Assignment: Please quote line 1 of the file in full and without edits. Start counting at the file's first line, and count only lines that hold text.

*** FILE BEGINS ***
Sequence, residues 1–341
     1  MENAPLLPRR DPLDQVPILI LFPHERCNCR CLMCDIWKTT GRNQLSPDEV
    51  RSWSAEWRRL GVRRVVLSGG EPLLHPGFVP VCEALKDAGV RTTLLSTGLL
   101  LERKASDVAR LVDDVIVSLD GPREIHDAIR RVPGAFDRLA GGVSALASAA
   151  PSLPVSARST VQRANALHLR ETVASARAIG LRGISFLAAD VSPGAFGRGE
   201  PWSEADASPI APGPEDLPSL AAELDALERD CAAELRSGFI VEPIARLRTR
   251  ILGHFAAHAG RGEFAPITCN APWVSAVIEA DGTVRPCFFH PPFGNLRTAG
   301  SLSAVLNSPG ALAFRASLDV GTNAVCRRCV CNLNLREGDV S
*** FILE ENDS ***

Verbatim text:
Sequence, residues 1–341